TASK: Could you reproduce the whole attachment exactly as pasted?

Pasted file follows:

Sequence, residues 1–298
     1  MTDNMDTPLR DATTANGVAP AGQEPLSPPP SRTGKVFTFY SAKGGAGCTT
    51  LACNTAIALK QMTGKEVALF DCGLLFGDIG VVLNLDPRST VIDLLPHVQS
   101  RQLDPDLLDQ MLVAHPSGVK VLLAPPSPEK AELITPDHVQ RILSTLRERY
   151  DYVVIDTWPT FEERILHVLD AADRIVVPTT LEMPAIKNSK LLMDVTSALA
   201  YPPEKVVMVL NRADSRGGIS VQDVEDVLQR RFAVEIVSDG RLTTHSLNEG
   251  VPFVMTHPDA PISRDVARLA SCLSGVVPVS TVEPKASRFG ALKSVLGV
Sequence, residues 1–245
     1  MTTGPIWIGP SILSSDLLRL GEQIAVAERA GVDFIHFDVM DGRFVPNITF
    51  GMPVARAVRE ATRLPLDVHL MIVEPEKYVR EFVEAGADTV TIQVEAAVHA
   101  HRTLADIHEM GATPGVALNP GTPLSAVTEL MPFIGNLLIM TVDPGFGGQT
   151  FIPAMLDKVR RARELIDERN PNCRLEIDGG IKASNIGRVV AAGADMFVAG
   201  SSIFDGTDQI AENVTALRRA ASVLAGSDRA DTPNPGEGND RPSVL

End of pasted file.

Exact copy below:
Sequence, residues 1–298
     1  MTDNMDTPLR DATTANGVAP AGQEPLSPPP SRTGKVFTFY SAKGGAGCTT
    51  LACNTAIALK QMTGKEVALF DCGLLFGDIG VVLNLDPRST VIDLLPHVQS
   101  RQLDPDLLDQ MLVAHPSGVK VLLAPPSPEK AELITPDHVQ RILSTLRERY
   151  DYVVIDTWPT FEERILHVLD AADRIVVPTT LEMPAIKNSK LLMDVTSALA
   201  YPPEKVVMVL NRADSRGGIS VQDVEDVLQR RFAVEIVSDG RLTTHSLNEG
   251  VPFVMTHPDA PISRDVARLA SCLSGVVPVS TVEPKASRFG ALKSVLGV
Sequence, residues 1–245
     1  MTTGPIWIGP SILSSDLLRL GEQIAVAERA GVDFIHFDVM DGRFVPNITF
    51  GMPVARAVRE ATRLPLDVHL MIVEPEKYVR EFVEAGADTV TIQVEAAVHA
   101  HRTLADIHEM GATPGVALNP GTPLSAVTEL MPFIGNLLIM TVDPGFGGQT
   151  FIPAMLDKVR RARELIDERN PNCRLEIDGG IKASNIGRVV AAGADMFVAG
   201  SSIFDGTDQI AENVTALRRA ASVLAGSDRA DTPNPGEGND RPSVL